Food Stamp Outreach
The Food and Nutrition Services Program (FNS) is the new name for what used to be called Food Stamps.
Only your county DSS office can determine eligibility but here are a few tools that can help you decide if it is worth your time to apply. You can review the income limits, fill out an application and mail, fax, or walk it in to your county DSS office. You must apply for benefits in the county where you live.
The North Carolina Department of Health and Human Services provides an online prescreening tool to check potential eligibility. Go to ePass to see if you might be eligible for FNS benefits.
The FNS4NC Coalition is made up of food banks across North Carolina who partner with the local DSS offices to conduct FNS outreach. The FNS4NC website provides information about the FNS program.
From the Hickory Record, here’s an incredible article on the economic impacts of food stamps.
What does a food stamp recipient look like? Close your eyes for a minute and think about who comes to mind when you say the words “food stamps.” Perhaps, because of inaccurate information, the image that comes to mind may be unflattering. The food stamp program has been around in its current form for more than 35 years, and that’s been plenty of time for people to develop stereotypes about who gets “help.” Many are weighed down by the stigma that often comes with receiving food stamps. Some see it as “charity.” However, the fact is – it is not a welfare program. It is a temporary safety net available to those who are trying to get back on their feet.
Positive changes in the program have helped reduce the stigma. The state of NC has changed the name to Food and Nutrition Services Program. Paper coupons that were given out for years have now been replaced with a debit-like Electronic Benefit Transfer (EBT) card.
Now take a minute and look out your window into your neighborhood or pull out a picture album of all the people you love in your family. Say the words “food stamps” again and picture those people, the ones you know, love, and respect. Chances are good that some of those folks, your neighbors and family, have been, or will be, food stamp recipients. The USDA notes a study in Making America Stronger: A Profile of the Food Stamp Program suggesting that “about half (49 percent) of all children will receive benefits before they reach age 20, and about half (51 percent) of all adults will receive benefits at some point between the ages of 20 and 65.” Currently, about 1 in 6 people who live in Western North Carolina access MANNA services, so they might also be visiting one of MANNA’s partner agencies.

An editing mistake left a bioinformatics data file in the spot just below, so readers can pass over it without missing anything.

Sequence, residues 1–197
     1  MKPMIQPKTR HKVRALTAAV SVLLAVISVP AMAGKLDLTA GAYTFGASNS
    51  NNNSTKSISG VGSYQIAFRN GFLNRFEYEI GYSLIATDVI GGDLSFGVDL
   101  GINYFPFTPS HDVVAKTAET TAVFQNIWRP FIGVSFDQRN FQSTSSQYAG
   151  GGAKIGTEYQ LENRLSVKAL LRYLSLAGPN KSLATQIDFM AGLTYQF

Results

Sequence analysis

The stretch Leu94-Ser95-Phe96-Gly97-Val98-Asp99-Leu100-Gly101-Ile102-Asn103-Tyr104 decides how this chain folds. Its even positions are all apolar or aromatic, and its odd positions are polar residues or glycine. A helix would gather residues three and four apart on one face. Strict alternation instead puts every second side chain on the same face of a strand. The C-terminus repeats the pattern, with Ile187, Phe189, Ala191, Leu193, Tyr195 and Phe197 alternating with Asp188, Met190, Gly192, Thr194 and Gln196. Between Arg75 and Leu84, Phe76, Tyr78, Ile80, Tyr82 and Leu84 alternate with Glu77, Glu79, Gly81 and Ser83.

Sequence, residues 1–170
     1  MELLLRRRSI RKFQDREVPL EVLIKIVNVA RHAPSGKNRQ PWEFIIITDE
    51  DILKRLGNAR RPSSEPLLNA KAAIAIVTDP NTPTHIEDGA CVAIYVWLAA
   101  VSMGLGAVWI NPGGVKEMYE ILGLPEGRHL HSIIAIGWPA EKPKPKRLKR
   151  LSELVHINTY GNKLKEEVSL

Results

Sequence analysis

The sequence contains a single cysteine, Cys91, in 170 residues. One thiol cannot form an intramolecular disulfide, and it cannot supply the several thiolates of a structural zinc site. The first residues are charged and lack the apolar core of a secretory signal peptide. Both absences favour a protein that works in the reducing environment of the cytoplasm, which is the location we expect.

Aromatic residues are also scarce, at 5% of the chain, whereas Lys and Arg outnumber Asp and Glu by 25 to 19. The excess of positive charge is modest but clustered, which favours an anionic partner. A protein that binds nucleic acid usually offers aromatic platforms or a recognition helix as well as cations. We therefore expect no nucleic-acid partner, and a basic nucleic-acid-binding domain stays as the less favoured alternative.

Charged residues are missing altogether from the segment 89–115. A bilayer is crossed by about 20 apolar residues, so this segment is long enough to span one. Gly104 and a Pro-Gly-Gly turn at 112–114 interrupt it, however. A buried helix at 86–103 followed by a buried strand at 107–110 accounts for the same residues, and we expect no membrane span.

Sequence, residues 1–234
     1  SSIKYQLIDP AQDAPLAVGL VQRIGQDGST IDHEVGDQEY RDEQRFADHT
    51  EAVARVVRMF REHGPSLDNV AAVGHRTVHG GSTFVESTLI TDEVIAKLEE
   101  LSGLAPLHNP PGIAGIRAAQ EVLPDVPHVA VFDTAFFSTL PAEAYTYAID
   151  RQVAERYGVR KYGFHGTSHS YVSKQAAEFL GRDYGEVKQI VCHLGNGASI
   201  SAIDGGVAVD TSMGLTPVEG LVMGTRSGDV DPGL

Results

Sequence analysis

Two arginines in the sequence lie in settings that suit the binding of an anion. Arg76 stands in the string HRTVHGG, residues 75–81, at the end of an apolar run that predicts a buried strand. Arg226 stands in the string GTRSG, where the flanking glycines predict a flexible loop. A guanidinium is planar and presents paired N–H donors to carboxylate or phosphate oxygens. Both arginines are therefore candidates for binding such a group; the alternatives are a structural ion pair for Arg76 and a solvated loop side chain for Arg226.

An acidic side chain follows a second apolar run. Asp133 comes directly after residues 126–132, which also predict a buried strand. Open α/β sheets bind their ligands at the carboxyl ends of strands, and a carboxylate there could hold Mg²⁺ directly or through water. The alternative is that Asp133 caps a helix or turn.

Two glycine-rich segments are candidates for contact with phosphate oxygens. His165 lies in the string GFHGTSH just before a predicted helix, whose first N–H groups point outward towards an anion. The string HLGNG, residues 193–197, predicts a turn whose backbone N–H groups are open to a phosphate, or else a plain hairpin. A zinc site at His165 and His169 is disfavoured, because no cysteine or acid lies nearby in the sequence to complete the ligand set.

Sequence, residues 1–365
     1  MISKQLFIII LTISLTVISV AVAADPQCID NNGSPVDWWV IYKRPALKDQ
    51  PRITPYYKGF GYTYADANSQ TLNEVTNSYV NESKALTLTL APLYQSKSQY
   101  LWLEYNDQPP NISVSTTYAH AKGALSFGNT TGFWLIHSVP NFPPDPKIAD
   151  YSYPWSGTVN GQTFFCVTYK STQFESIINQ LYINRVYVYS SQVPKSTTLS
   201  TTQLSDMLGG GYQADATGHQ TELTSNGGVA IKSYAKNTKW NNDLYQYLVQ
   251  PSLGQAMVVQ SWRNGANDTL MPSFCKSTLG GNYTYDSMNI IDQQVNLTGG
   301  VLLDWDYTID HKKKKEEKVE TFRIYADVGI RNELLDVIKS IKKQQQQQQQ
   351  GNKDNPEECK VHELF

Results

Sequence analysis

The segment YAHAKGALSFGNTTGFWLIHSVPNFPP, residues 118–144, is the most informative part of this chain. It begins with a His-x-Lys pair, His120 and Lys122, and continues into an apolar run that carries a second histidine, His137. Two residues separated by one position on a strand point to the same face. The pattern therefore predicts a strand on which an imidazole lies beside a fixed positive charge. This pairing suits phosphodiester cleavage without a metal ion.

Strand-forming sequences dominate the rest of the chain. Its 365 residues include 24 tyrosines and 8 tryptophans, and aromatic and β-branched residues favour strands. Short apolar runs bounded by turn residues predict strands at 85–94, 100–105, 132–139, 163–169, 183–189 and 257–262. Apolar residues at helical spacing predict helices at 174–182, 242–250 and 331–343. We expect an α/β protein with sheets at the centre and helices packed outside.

How MANNA helps
MANNA FoodBank is expanding Food and Nutrition Services outreach through partner agencies and through direct application assistance to make sure that those people you care about – friends, neighbors, and family – are being given every opportunity to be food secure. FNS helps put nutritious food into homes when people are not able to do that completely on their own.
In our food stamp outreach work, we are seeing more and more people who have never had to ask for emergency food assistance and who never thought they were, or would ever be, eligible for food stamps. Recent food stamp applicants include:
- grandparents on fixed incomes raising grandchildren;
- people recently laid off from steady jobs and in danger of losing cars and apartments;
- people injured at work or diagnosed with chronic illness and unable to find other jobs;
- small business owners who’ve exhausted their savings and are struggling to make ends meet as the economy declines.
One woman told us, “Money is so tight right now that if we run out of anything at home, I burst into tears.” We’ve also talked to many parents and grandparents unsure of how they’d provide enough food for their children during the summer when free and reduced lunches from schools aren’t an option.